Naturally, director Christopher Nolan’s choice to have Christian Bale’s Dark Knight learn from Liam Neeson’s al Ghul could have led to fan outrage. After all, their four-colour counterparts historically didn’t meet until much later in Batman’s career, but I never really hear any grumbling from Batman aficionados – and it likely boils down to how efficiently it works from a storytelling perspective.
By having Batman train with the League, we’re not only able to view the majority of Bruce’s training in combat, stealth and theatricality (just… just take my word on that last one) in a relatively short period of time, but Nolan is also able to weave the main villain and his scheme into the plot early on. It also allows him to establish the key themes of fear and justice versus revenge that will dominate the film going forward, so it really is a clever bit of business.
Faced with the benefits of such an economic display of storytelling, most fans probably just figured, “Bruce Wayne needs to learn ninja skills; does it really matter who teaches him?”
3. Jarvis is actually J.A.R.V.I.S.
An elderly British butler with combat experience who serves as the loyal confidant to a billionaire superhero – who else fits that bill in comics but Batman’s loyal manservant, Alfred Pennyworth? Well, as it turns out, we could just as easily be talking about Iron Man’s valet, Edwin Jarvis! First appearing in 1964, Jarvis started out as Tony Stark’s butler and soon became the dedicated servant of the Avengers, after Stark donated his mansion to the supergroup.
Over the past 50 years, Jarvis has developed into a full-fledged supporting character. He’s had his own heroic adventures and developed paternal and romantic bonds with other Marvel Universe characters (although his romance has since been erased from reality as a side effect of a deal Spider-Man made with the Devil; this is something that actually happened). Throughout it all, during the highs and the lows (did I mention the bit about the Devil?), Jarvis has remained steadfastly one thing: a flesh and blood human being.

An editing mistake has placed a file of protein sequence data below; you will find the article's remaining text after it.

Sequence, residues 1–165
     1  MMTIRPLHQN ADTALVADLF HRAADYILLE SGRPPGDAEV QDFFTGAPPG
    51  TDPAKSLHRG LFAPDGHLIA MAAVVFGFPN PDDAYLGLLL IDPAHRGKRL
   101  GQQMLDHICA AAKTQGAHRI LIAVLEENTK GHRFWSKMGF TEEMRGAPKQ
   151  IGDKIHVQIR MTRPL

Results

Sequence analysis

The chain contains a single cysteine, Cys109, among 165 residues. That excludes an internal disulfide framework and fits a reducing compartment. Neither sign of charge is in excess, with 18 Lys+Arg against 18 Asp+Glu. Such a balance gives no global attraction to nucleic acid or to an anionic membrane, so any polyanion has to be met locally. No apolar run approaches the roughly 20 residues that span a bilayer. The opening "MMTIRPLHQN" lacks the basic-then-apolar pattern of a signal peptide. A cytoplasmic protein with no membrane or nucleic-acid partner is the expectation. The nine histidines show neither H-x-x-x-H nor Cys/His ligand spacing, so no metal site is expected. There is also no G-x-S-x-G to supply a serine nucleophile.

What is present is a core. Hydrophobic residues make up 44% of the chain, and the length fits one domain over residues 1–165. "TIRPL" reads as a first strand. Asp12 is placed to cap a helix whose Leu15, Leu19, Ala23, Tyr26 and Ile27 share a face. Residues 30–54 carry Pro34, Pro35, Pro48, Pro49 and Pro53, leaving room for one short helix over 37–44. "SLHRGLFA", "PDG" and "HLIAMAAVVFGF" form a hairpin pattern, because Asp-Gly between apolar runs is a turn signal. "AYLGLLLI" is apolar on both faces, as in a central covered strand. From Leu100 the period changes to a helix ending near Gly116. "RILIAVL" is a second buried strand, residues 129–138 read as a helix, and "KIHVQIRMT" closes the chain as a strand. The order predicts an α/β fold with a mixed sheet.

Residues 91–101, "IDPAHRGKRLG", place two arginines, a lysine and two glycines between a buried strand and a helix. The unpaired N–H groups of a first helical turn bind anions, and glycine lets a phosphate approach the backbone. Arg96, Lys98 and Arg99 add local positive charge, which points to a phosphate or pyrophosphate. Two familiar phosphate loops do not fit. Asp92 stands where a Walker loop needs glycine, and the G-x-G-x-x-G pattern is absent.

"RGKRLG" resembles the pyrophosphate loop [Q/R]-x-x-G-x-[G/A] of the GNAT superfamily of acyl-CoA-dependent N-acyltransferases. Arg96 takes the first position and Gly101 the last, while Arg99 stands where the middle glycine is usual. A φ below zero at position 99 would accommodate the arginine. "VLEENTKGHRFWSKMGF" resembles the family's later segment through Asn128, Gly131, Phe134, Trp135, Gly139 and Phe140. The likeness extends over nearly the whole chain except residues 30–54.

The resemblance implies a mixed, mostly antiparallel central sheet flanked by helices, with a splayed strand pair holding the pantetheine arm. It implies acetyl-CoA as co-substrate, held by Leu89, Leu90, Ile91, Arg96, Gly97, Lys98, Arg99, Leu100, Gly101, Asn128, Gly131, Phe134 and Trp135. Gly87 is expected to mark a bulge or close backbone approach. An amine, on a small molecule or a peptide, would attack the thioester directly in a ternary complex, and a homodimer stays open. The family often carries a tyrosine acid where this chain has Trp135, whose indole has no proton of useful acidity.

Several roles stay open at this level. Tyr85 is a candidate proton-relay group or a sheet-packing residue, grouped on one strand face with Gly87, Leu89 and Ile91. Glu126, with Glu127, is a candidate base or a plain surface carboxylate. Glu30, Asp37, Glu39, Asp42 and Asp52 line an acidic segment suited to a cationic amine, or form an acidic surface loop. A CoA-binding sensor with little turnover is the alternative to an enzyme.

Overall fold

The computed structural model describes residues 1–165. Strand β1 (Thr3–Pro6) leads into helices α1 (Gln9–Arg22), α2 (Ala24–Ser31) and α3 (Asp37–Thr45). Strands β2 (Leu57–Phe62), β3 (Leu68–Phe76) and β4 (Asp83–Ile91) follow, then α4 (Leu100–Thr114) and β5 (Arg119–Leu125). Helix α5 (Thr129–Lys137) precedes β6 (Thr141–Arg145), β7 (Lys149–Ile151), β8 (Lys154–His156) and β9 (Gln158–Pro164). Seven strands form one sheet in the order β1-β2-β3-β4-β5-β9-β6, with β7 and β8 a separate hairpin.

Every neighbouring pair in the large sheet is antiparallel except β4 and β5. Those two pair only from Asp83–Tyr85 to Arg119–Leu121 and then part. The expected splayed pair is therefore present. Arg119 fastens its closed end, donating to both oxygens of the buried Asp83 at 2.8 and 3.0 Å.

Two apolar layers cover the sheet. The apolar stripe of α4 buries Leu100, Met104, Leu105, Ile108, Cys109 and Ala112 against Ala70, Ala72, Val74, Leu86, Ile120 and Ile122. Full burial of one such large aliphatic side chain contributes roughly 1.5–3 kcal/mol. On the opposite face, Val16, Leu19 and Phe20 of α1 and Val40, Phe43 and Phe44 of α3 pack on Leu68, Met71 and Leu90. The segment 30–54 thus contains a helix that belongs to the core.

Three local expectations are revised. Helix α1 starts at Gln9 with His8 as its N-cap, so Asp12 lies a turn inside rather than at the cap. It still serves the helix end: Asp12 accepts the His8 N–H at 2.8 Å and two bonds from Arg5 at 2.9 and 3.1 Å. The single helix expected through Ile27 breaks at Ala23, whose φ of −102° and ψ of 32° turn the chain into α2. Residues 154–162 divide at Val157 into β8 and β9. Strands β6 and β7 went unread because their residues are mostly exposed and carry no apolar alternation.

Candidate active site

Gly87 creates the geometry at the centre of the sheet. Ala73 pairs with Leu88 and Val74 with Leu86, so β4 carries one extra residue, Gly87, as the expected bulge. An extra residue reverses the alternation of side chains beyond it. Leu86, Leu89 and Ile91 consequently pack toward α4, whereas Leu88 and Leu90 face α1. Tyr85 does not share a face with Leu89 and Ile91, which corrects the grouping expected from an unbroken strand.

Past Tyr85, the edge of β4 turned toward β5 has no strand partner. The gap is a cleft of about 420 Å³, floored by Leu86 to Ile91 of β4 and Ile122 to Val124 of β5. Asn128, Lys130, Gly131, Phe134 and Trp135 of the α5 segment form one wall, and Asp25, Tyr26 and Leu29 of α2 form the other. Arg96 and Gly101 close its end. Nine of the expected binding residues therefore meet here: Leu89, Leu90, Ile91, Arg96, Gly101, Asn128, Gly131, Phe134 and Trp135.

And then 2008 rolled around, and with it Jon Favreau’s Iron Man. Here, Jarvis was re-imagined as J.A.R.V.I.S. – a disembodied artificial intelligence voiced by Paul Bettany (so he kept his British accent, at least) who assisted Robert Downey Jr.’s Stark with both his civilian and vigilante roles. Despite being a pretty radical departure from the source material, most fans seem to care this change about as much as Tony Stark cares about the consequences of undertaking hostile action on foreign soil: not very much at all (full disclosure: I barely even registered the change when I first saw the film).
I’m pretty certain the team at Marvel Studios were let off the hook for this revision for the reason hinted at up front: Jarvis shares so much in common with Alfred that audiences would feel like they’re watching something they’ve seen before. By making Jarvis an A.I., Favreau provided a fresh spin on the well-trod “superhero with a butler” trope which even comic-savvy filmgoers seemed to enjoy. Many fans also quickly figured out another benefit of the J.A.R.V.I.S incarnation of the character: it provided Tony with someone to have expository conversations with, without having to constantly cut back to an elderly gent in a control room.
Oh, and if there were any dissenters, most of them have since been mollified by the recent inclusion of a human Jarvis (presented as the inspiration behind the A.I., natch) as a character in Marvel’s Agent Carter.
2. Superman goes to Jor-El for advice